"The finding really surprised us," says Ueli Rutishauser, first author on the paper, a former postdoctoral fellow at Caltech, and now a visitor in the Division of Biology. "Here you have neurons that respond well to seeing pictures of whole faces, but when you show them only parts of faces, they actually respond less and less the more of the face you show. That just seems counterintuitive."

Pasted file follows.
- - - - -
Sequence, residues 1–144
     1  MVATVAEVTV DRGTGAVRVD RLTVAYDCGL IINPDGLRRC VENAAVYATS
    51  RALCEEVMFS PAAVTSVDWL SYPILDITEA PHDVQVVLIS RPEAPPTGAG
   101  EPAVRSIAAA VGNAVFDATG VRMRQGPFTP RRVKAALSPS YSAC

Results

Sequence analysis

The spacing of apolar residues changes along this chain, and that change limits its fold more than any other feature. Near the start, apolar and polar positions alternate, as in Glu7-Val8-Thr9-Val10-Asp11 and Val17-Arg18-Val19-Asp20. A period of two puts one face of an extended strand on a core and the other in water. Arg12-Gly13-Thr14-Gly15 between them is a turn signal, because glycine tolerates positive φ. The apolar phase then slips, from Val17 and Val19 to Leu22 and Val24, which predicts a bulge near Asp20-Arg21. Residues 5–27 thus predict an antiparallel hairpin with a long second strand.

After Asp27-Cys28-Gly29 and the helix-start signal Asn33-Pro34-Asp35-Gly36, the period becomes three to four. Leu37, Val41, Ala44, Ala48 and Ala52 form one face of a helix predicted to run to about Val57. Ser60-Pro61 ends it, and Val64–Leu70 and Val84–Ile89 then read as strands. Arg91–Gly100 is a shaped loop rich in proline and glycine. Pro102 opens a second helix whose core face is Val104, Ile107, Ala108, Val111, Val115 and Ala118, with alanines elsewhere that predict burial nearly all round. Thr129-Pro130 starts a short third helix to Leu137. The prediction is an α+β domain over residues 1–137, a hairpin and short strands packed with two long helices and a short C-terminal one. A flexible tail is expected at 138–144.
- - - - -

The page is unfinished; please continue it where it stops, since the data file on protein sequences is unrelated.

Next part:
The neurons are located in a brain region called the amygdala, which has long been known to be important for the processing of emotions. However, the study results strengthen a growing belief among researchers that the amygdala has also a more general role in the processing of, and learning about, social stimuli such as faces. [MORE]